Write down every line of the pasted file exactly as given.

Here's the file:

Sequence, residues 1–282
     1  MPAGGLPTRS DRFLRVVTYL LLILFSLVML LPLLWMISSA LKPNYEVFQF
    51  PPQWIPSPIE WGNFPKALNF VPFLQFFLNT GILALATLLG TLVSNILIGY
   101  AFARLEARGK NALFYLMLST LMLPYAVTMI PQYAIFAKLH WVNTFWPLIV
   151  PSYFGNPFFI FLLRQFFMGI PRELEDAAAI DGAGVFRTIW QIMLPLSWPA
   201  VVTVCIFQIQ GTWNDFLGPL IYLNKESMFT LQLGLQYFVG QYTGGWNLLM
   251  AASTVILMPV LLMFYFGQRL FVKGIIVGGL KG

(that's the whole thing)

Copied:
Sequence, residues 1–282
     1  MPAGGLPTRS DRFLRVVTYL LLILFSLVML LPLLWMISSA LKPNYEVFQF
    51  PPQWIPSPIE WGNFPKALNF VPFLQFFLNT GILALATLLG TLVSNILIGY
   101  AFARLEARGK NALFYLMLST LMLPYAVTMI PQYAIFAKLH WVNTFWPLIV
   151  PSYFGNPFFI FLLRQFFMGI PRELEDAAAI DGAGVFRTIW QIMLPLSWPA
   201  VVTVCIFQIQ GTWNDFLGPL IYLNKESMFT LQLGLQYFVG QYTGGWNLLM
   251  AASTVILMPV LLMFYFGQRL FVKGIIVGGL KG